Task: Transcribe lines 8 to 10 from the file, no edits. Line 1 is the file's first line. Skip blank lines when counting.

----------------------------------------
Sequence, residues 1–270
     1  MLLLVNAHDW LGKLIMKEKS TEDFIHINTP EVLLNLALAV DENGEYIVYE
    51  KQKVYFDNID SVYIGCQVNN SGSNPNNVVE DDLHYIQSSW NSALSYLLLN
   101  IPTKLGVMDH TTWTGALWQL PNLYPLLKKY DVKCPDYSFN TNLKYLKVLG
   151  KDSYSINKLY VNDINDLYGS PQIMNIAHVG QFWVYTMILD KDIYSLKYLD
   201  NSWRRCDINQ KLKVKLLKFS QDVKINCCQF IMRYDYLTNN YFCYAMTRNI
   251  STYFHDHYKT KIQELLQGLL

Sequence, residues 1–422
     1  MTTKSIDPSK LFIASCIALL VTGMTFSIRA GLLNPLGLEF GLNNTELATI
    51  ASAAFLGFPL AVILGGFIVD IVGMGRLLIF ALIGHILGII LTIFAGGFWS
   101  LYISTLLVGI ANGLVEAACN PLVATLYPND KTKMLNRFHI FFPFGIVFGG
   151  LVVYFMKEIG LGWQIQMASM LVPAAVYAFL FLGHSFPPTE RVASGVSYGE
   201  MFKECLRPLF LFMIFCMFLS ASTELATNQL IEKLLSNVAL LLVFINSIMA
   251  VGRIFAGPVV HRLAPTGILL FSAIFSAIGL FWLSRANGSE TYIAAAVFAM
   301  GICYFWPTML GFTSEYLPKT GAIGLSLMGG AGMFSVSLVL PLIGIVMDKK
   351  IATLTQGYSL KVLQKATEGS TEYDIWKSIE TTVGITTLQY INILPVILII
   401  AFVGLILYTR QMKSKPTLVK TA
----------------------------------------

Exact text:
Sequence, residues 1–422
     1  MTTKSIDPSK LFIASCIALL VTGMTFSIRA GLLNPLGLEF GLNNTELATI
    51  ASAAFLGFPL AVILGGFIVD IVGMGRLLIF ALIGHILGII LTIFAGGFWS